About this book
The Milky Way has captivated the mind of multitudes ever since the beginning of time. Particularly striking are its apparent dusty gaping voids. With the advent of near-infrared technology, astronomers have discovered an awesome new view of its structure, and of the structure of other galaxies around us. Galaxies are encased within shrouds of the night: shrouds or veils of cosmic dust, which have given us a totally incomplete picture of what our majestic Universe actually looks like.
Shrouds of the Night features some of the most remarkable early photographic work of masters such as Isaac Roberts and Edward Barnard, before presenting to the reader the unmasked (dust penetrated) view of our cosmos, using some of the world’s largest ground and space-based telescopes.
"Galaxies are the 'ecosystems' of the cosmos – vast assemblages in which gas and dust are recycled through successive generations of stars. The authors of this beautiful book describe our ever-sharpening view of the Milky Way, the galaxy that is our home – and the discovery of the other galaxies that are its neighbors in deep space. Their voyage lies not in seeking new landscapes but in having new eyes. In fine images and eloquent text, the two distinguished authors convey the fascination – indeed the inspiration – of this scientific quest."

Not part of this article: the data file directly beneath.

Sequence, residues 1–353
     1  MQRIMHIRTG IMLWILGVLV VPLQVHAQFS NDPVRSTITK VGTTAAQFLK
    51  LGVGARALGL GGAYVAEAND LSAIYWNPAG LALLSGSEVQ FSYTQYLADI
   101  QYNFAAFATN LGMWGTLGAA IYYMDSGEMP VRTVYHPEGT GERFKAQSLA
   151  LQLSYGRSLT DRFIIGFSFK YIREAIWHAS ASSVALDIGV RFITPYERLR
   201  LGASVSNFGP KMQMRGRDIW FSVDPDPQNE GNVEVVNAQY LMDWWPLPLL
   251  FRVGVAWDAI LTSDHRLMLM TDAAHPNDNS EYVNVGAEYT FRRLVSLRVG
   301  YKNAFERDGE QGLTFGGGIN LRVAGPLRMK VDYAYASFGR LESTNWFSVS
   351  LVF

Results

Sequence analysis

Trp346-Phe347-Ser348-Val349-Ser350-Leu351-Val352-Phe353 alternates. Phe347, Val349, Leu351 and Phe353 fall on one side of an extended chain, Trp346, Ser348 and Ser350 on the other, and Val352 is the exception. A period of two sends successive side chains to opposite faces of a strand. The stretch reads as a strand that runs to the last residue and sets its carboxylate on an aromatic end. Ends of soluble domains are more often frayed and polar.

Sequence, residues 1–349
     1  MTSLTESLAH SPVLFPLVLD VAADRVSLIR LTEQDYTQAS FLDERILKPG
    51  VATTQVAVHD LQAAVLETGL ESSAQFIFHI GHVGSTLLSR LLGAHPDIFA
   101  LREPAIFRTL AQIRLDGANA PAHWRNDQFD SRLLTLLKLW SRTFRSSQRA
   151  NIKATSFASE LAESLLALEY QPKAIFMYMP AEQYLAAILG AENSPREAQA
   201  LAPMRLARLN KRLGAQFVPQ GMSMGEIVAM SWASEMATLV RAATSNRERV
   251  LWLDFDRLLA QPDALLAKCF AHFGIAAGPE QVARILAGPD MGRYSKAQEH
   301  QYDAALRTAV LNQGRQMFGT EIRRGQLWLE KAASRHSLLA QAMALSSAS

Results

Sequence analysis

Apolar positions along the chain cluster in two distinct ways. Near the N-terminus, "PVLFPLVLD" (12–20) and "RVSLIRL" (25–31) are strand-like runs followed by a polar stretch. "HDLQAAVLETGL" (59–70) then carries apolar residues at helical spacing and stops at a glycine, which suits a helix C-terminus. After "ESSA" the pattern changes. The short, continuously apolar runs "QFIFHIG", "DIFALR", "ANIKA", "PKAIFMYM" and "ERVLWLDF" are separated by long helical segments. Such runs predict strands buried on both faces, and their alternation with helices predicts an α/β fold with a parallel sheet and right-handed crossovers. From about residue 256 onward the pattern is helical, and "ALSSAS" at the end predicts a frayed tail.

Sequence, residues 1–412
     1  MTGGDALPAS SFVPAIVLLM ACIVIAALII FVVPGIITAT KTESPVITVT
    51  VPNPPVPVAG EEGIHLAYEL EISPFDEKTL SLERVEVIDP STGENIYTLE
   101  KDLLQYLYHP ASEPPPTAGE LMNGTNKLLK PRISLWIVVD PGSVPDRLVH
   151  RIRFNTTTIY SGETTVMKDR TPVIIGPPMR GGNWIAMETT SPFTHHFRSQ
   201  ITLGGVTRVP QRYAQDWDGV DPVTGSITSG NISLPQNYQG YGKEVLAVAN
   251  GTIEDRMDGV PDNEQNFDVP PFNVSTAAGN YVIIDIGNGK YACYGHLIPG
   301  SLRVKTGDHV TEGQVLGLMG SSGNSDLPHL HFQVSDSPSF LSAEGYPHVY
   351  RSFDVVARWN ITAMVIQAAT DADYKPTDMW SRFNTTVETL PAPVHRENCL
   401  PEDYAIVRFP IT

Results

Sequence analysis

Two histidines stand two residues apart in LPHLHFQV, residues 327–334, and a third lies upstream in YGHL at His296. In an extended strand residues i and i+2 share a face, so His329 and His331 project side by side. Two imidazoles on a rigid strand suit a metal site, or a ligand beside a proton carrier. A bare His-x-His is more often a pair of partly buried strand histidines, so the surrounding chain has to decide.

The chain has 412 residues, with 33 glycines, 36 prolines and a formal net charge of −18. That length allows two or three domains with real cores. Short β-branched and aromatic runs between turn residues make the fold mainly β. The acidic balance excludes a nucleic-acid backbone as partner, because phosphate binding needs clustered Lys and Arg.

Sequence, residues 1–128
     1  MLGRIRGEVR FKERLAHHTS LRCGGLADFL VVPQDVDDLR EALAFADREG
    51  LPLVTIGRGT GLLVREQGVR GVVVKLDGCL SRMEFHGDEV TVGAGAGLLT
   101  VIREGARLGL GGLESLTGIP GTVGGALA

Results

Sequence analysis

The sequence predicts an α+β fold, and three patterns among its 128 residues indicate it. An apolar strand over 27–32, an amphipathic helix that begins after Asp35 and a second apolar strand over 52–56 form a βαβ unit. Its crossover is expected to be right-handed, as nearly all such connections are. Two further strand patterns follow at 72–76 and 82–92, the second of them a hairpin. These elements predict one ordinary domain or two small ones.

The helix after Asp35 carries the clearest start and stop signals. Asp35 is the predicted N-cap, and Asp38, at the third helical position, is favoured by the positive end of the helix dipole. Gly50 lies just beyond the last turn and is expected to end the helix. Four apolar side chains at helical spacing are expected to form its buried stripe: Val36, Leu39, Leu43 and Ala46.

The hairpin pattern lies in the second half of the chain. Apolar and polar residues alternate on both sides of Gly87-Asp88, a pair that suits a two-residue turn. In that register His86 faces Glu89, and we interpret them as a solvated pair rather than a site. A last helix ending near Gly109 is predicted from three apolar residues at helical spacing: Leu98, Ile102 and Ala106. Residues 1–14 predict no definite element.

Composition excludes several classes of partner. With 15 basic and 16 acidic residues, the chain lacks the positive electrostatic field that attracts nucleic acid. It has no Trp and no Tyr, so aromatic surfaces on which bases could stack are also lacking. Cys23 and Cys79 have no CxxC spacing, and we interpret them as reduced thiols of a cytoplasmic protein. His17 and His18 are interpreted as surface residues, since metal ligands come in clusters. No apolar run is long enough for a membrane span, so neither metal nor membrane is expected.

-Lord Martin Rees of Ludlow OM Kt PRS
Astronomer Royal, President of the Royal Society, Professor of Cosmology and Astrophysics, University of Cambridge.
"It's hard to decide what is most appealing about this unusual offering:
its brilliantly chosen treasury of illustrations, or the text's poetic
journey of discovery from smoke to galaxies, from the minuscule to the
gigantic and the astonishing connections between them. Along the path are
rich insights into the varieties of astronomical seeing, from the history
of photography to the space telescopes that extend our vision beyond the
visible. Historical connections are everywhere, from Jean Petit's
16th-century woodblock initials to excursions into a stately attic and to
photographic archives. Enjoy the treat, including the reflections on the
deep meaning of it all!"
Harvard-Smithsonian Center for Astrophysics, author of God's Universe